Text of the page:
• Bash Keyboard Shortcuts</li> </ul> </div>

    Analyze data in R

    • Work with vectors and data frames
    • Read and plot data
    • Create and use functions
    • Create loops and conditionals
    • Use R from the command line

    Syllabus subject to change if necessary.


    To participate in a Software Carpentry workshop, you will need access to the software described below. In addition, you will need an up-to-date web browser.

    We maintain a list of common issues that occur during installation as a reference for instructors that may be useful on the Configuration Problems and Solutions wiki page.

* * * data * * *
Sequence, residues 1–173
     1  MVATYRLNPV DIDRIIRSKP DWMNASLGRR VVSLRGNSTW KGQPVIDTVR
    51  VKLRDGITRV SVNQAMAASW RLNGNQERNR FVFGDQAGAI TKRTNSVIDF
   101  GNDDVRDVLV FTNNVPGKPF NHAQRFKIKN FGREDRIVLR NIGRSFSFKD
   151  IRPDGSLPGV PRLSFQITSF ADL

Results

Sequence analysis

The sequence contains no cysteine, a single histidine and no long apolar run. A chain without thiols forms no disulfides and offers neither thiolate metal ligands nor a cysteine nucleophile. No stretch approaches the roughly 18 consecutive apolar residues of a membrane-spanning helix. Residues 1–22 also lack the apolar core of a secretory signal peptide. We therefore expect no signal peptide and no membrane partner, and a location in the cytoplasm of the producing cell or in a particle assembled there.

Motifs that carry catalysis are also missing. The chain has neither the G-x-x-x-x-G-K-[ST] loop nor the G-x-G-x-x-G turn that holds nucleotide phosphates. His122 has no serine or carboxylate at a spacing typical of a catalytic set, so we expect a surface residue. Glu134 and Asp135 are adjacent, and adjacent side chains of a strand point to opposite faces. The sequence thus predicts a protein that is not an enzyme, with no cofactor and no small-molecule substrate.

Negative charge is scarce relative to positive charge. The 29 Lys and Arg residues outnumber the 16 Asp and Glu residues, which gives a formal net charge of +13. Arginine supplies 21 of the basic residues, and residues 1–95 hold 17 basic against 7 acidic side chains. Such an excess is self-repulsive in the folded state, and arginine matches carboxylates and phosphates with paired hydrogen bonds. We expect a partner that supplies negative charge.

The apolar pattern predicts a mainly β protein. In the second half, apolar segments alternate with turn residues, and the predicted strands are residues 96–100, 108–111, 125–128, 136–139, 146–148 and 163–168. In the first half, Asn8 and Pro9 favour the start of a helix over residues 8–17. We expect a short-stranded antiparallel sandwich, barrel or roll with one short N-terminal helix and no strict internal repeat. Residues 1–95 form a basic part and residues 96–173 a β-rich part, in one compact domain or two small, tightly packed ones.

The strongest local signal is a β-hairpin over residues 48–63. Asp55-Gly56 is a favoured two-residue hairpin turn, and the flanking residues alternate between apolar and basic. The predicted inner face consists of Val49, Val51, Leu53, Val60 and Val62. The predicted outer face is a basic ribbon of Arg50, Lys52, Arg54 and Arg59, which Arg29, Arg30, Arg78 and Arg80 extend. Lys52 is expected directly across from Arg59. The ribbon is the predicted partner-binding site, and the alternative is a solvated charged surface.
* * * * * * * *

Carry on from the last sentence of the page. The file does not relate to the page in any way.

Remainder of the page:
Install the videoconferencing client

    If you haven't used Zoom before, go to the official website to download and install the Zoom client for your computer.

    Set up your workspace

    Like other Carpentries workshops, you will be learning by "coding along" with the Instructors. To do this, you will need to have both the window for the tool you will be learning about (a terminal, RStudio, your web browser, etc..) and the window for the Zoom video conference client open. In order to see both at once, we recommend using one of the following set up options:

    • Two monitors: If you have two monitors, plan to have your terminal up on one monitor and the video conferencing software on the other.
    • Two devices: If you don't have two monitors, do you have another device (tablet, smartphone) with a medium to large sized screen? If so, try using the smaller device as your video conference connection and your larger device (laptop or desktop) to follow along with the tool you will be learning about.